Canadian artist Charles O’Neil began his artistic career as an award-winning painter, but soon yearned to bring three-dimensional form to his artistic achievements. He enrolled in the Haliburton School of the Arts where he learned the skills of blacksmithing and wire sculpting.
His passion for wire sculpting led to international recognition for his talents. As a result of this rising recognition he was commissioned to create a screen alongside a stairwell that ran from the basement to the roof of a home. This was subsequently featured in the Canadian National Press, Home Improvement magazines and a television broadcast. As a result of rising recognition he was asked to create a line of dazzling, beaded, wire sculpture shoes for an elite American shoe firm as display items. His name has become such a “household” name when it comes to wire sculpture that people walk by booths in cities far from his home that are displaying his creations and immediately recognize the work as that of Charles O’Neil.
Charles O’Neil moved to the Haliburton Highlands when he was 15 years old. This small, rural community of only 15,000 people has the highest number of artists and artisans per capita of any county in Ontario, Canada. When asked what keeps him in this community when he could produce his art anywhere in the world O’Neil states “It’s the balance of nature and people. If you need time out, to think, to get inspiration… it’s just a short walk away. The lakes and trees, the birds, the animals. It’s a community and a place like no other.”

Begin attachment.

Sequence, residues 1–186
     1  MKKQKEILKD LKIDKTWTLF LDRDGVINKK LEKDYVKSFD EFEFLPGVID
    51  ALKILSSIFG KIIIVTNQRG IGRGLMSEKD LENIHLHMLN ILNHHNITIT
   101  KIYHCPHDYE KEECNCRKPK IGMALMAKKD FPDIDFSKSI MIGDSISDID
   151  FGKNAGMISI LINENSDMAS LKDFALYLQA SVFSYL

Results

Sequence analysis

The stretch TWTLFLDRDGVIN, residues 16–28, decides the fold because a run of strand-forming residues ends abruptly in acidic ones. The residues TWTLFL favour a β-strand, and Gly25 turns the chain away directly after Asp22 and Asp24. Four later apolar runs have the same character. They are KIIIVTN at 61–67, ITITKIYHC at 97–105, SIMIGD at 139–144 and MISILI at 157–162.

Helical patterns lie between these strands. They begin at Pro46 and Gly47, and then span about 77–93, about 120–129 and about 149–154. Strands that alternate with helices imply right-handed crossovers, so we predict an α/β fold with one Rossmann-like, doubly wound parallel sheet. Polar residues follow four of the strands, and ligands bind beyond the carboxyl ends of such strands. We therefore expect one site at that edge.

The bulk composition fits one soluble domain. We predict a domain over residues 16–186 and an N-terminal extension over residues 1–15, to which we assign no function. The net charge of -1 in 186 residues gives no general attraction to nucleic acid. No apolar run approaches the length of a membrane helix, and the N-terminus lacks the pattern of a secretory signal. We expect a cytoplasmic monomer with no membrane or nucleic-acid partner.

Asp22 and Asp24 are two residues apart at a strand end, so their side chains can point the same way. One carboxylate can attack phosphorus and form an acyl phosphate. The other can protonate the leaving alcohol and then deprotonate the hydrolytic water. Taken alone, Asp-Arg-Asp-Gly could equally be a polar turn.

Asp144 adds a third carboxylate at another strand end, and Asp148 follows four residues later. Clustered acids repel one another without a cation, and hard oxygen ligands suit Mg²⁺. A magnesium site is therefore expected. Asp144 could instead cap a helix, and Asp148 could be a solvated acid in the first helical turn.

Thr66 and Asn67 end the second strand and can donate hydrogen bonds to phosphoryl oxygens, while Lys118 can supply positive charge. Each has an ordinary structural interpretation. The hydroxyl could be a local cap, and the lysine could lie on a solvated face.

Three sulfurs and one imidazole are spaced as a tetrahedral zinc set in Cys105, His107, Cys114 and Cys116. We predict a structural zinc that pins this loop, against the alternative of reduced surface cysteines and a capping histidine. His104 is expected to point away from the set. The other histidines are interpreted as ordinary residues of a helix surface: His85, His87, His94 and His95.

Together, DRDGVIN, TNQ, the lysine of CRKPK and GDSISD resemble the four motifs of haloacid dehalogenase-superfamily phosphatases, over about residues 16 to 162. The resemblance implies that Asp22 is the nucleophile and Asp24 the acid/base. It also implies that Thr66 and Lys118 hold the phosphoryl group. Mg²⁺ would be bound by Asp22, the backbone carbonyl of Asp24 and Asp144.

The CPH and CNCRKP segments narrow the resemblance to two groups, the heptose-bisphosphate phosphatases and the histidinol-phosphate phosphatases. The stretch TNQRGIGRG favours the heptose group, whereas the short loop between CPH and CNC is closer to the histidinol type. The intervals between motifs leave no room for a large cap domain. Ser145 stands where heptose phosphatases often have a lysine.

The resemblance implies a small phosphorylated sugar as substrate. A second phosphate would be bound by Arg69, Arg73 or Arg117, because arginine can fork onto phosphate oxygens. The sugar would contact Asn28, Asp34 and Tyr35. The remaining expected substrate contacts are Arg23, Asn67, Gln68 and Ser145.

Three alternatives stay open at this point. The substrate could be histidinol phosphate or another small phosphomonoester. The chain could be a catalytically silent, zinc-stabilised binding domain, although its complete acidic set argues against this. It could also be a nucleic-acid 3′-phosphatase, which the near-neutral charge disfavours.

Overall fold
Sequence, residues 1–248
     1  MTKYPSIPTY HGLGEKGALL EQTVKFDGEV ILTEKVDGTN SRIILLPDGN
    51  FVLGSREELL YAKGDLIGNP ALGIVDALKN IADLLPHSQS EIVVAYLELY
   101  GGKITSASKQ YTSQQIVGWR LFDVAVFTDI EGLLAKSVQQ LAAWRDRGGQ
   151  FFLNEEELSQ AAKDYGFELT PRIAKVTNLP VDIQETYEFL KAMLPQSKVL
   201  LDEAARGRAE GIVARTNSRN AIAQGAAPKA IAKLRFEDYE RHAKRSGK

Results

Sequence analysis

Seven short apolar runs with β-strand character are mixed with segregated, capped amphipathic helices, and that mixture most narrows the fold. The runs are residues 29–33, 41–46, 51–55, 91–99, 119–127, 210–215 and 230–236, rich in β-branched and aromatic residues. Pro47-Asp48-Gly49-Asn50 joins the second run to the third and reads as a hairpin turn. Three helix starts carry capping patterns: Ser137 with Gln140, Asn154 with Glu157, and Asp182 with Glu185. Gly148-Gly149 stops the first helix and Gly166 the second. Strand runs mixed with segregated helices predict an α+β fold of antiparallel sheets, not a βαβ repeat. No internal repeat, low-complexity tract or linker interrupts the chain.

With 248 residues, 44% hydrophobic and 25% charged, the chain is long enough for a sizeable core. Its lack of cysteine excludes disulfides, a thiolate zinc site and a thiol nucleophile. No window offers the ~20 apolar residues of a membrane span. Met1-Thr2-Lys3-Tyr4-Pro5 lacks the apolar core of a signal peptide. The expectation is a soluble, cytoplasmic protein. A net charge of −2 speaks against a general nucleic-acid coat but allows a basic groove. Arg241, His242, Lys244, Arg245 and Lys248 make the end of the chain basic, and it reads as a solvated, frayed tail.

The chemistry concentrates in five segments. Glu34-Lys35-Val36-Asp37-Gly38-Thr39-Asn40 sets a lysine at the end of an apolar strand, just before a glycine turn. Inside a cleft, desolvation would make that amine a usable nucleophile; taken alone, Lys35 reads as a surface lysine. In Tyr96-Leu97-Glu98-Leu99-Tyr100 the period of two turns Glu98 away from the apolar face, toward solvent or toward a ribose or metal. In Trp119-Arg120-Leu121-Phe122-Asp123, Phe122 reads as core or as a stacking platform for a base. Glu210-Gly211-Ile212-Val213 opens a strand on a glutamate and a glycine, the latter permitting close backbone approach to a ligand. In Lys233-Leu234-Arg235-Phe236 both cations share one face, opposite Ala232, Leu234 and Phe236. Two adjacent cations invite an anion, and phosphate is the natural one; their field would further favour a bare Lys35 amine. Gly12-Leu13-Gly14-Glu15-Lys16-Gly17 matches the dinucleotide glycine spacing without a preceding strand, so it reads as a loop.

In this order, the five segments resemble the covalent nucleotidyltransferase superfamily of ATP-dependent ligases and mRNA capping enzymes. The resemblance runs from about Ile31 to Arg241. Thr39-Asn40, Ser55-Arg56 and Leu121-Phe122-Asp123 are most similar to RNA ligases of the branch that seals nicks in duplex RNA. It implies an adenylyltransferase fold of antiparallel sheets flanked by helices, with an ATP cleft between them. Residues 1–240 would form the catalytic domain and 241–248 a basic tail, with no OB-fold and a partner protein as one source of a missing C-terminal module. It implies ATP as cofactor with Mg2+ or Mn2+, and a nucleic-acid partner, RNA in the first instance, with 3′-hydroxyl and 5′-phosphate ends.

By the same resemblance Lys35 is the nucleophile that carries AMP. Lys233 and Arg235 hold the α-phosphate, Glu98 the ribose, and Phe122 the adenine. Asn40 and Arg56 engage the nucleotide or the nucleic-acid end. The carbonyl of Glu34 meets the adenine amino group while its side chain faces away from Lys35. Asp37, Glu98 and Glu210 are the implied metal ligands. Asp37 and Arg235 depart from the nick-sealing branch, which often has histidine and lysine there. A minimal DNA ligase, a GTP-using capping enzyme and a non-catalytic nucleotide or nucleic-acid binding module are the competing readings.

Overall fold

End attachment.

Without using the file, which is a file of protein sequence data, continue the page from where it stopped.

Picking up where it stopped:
The Haliburton Highlands, Ontario, Canada prides itself in its production of artists. Here you can find a broad array of artists, poets, potters, dancers, musicians and sculptors. The artist have organized themselves into a number of studio tours that bring recognition to the area and themselves and there are several galleries within which to display their work.
O’Neil’s work also adorns one of the treasures of the Haliburton Highlands: the Sculpture Forest. He was commissioned to produce a wire sculpture titled embracing Eos. As you wander through this heavily forested path that surrounds the Haliburton Campus of Fleming College you are startled and delighted to discover this and many other such sculptures precisely placed for your enjoyment amongst the trees, rocks and lakes.
The presence of the Haliburton School of the Arts at this campus enables O’Neil to also teach his fine craft skills to another generation of emerging artists and hobbyists.